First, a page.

The NAMA VDI standard incorporates cooperative agreements among competing vending technology suppliers so that interchanged data will be more meaningfully consumed and effectively applied. Cooperative agreements, often referred to as trading partner agreements, involve written documentation that informs both the sender (producer) and receiver (consumer) of NAMA VDI messages about the specifics of the message(s) being shared. Descriptive elements include such items as: company profile, security authorization, machine identification, location identification, and type of connectivity (server, Web-service, email, etc.).
For example, if provider X is to pass a NAMA VDI data message to provider Y, then the cooperating parties must have transaction information to successfully distribute and utilize the desired data messages. User names, passwords, and Web-based encryption also can be used to help ensure data transfers are secure and accessible by authorized entities.
Seven vending technology providers have volunteered to serve as early adopters of NAMA VDI standards: Cantaloupe Systems, CompuVend, Crane Merchandising Systems, InOne Technology, MEI Group, USA Technologies and Validata.
Early adopters are actively engaged in NAMA VDI standard development and may be directly involved in field testing technical specifications prior to finalization and release of NAMA VDI standards.
Since vending technology historically involves proprietary, company specific data, system integration required expensive and intricate custom programming.
NAMA VDI standards are designed to replace the custom linkages between competing proprietary supplier products, thereby rendering the connectivity as non-proprietary. This is similar to the replacement of specialized train car connectors with non-specialized couplers that enable assembly of the cars in any order of sequence.
STANDARDS TO BE RELEASED IN STAGES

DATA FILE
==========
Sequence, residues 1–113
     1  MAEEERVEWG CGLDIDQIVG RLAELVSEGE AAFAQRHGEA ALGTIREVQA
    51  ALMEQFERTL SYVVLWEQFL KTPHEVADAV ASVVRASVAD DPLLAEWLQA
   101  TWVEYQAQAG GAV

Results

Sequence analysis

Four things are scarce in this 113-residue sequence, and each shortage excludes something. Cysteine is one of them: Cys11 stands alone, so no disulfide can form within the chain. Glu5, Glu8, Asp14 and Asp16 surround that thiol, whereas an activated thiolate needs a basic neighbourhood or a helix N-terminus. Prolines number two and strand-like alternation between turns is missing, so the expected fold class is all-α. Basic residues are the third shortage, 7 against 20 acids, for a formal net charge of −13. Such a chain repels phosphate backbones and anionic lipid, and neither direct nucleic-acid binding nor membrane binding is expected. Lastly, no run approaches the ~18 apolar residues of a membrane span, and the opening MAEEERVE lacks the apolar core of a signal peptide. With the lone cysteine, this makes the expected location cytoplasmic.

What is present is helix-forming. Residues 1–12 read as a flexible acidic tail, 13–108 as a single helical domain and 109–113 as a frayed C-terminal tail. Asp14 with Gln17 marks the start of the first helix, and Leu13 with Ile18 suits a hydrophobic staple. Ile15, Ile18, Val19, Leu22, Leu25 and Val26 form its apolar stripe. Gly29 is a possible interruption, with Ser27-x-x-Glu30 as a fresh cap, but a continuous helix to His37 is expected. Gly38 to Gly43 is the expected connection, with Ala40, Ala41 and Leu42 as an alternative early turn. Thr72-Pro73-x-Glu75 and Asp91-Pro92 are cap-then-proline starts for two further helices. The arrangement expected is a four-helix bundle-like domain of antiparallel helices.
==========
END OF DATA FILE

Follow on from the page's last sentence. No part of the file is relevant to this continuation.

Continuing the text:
The new NAMA VDI standards are being released in stages based on data messaging developments beginning with 2009 NAMA National Expo in Chicago. Version 1.0 addresses the most critical area among the several data messages identified by the NAMA VDI Task Force: DEX data messaging. It is anticipated that as the remaining data messages are developed, they will be released and labeled in ascending numerical order.
The NAMA VDI standards afford several direct benefits to operators and bottlers, especially those embarking on technology decisions. When purchasing vending technology from a company adhering to NAMA VDI standards, the buyer can be assured that:
- Investment in the compliant technology will be compatible across major suppliers.
- There is no longer a need to rely on the success of a single supplier.
- Multiple telemetry devices will work with a variety of VMS providers.
- Selling or acquiring VDI compatible components simplifies continued operations.
Technology providers have created a tipping point for accelerating the implementation of vending technology. Interest in addressing operator concerns has resulted in unprecedented cooperation among vending technology suppliers to enable harmonic data interchange.
NAMA VDI ensures that operators can feel confident in technology investment, choice of suppliers, and be assured that hardware and software will work together now and in the future.
There has never been a better or safer time to invest in cashless vending, remote machine monitoring, or VMS technology.
NAMA VDI Task Force
Chris Lilly, Best Vendors, chairman
Mike Kasavana, MSU, coordinator
Mary Rampe, MEI, NAMA liaison
Louis Beaudoin, Cantaloupe Systems
Bud Nixon, Canteen Technology Group
Tom Howell, Coca Cola Co.
Ron Hoorman, Coin Acceptors Inc.
Mark Kronenberg, CompuVend
Glenn Butler, Crane Merchandising Systems
Craig Lewis, Crane Merchandising Systems
Gene Ostendorf, InOne Technology
John Cassacia, Masterwork Electronics
Don Finley, MEI
Dan Mathews, NAMA
Don Merchant, Seaga Manufacturing
Cary Sagady, USA Technologies
Billy Irvin, Validata
Warren Philips, Validata
Jeff Mayoras, Wittern Group
About the Authors
Michael Kasavana, Ph.D. is the NAMA endowed professor in hospitality management at Michigan State University in East Lansing, Mich. He has been researching vending technology for several years.
Glenn Butler is vice president and chief technology officer at Crane Merchandising Systems. He can be reached at 781-248-3122 or via email: firstname.lastname@example.org.